The Sprint Goal is a short-term team objective compared to the Product Goal but has a similar function. It focuses the team’s Sprint Backlog work on the desired outcome regarding the value we aim to deliver with the Increment.
This commitment helps avoid working in silos and then getting to the end of the Sprint and realizing we have a bunch of partially done work but no Increment of value. It helps us say “no” or “not now” to new work requests that can overwhelm and interrupt the Scrum Team during a Sprint. It helps us keep that Product Goal in mind, considering a smaller objective we can focus on to move towards the bigger objective. Without a robust Sprint Goal, it’s easy to become mechanically task-oriented and less solution-focused and collaborative.
A difference between the Product Goal and a Sprint Goal is that the Sprint Goal does not change during a Sprint. We need enough focus and stability for the Scrum Team to deliver something meaningful in the short timebox of a Sprint. While we may fail to meet the Sprint Goal, we still use it to stay focused on an objective.
A clear Sprint Goal also provides a way to evaluate the Sprint, our choices along the way, and how we worked together as a team. It provides a springboard for team discussion about lessons learned and how we responded to changes that emerged during the Sprint. (Read this post to learn more about setting clear Sprint Goals.)
The Increment (Commitment: Definition of Done)
The Increment offers the ultimate progress transparency. It is the tangible value the Scrum Team creates for the customer—a usable product.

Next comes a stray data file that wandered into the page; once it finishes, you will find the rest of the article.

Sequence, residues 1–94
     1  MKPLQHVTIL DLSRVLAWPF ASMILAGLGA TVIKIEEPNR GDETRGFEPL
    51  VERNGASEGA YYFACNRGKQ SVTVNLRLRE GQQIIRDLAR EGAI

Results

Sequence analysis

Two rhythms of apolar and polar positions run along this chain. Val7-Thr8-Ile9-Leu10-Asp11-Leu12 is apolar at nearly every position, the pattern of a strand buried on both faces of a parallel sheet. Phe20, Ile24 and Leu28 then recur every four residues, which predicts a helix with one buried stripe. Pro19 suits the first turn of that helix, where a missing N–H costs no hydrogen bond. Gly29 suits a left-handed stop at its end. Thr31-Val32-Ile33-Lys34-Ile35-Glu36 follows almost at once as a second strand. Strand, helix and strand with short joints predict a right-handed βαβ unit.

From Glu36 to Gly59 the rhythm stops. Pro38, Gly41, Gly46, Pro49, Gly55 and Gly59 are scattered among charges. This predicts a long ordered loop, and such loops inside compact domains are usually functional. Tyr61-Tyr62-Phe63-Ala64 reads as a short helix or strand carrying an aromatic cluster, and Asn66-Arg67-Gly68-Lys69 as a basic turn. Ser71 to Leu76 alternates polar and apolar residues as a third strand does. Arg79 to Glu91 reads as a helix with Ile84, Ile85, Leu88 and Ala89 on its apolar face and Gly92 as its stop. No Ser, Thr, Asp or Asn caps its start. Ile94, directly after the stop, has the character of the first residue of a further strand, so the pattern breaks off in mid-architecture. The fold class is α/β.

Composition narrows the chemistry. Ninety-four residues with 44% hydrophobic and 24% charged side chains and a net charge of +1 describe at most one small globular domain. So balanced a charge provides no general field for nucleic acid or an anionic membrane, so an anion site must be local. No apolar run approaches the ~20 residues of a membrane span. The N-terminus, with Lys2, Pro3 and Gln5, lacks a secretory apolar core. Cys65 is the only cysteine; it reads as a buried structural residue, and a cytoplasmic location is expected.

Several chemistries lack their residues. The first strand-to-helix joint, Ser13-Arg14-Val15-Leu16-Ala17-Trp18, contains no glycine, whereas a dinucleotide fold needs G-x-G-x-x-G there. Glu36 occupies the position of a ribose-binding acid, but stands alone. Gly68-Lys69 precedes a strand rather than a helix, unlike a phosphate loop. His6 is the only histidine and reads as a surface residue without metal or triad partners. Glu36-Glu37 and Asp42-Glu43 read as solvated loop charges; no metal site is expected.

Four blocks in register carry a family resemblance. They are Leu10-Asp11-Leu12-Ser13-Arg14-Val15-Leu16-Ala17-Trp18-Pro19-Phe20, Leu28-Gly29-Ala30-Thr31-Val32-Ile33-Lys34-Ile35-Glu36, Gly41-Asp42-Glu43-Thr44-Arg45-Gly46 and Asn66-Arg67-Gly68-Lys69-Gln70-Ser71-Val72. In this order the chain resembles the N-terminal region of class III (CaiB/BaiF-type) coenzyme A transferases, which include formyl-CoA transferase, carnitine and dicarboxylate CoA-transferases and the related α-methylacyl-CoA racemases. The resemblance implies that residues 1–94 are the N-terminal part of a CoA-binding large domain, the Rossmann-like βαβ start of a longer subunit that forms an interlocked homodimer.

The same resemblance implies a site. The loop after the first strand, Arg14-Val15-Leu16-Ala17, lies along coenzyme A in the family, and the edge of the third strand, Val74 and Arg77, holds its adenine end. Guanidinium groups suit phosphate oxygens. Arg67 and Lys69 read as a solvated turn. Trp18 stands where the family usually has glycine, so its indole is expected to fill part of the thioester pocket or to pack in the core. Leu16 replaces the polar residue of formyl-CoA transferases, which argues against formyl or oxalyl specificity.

The commitment to meet the Definition of Done (DoD) ensures the Increment will meet our quality standards. The DoD also guards against “hidden” work — everyone on the team understands what’s required to produce a Done Increment, and stakeholders are assured no “undone” work remains. In the absence of a clear and robust DoD, we won’t even know if we have created an Increment. To quote the Scrum Guide, “The moment a Product Backlog item meets the Definition of Done, an Increment is born.”
Without a transparent Increment that meets our Scrum Team’s DoD, we’ll miss out on the essential benefits of Scrum, such as achieving an early ROI, limiting investment risks, and the ability to change direction. There is no meaningful transparency to progress nor our team’s ability to deliver value over time. We would be basing any inspection and adaptation on unreliable information.
Make the commitment
Scrum’s artifact commitments are the framework’s mechanism of creating focus and maximizing progress transparency. They allow us to make better decisions as we deal with complexity and unpredictability by enabling us to incorporate new information and respond to changing needs. Taking these commitments and the time, energy, and resources they require seriously is the path to reaping all of Scrum’s benefits. Scrum may be simple to understand and lightweight, but it requires discipline to use it well.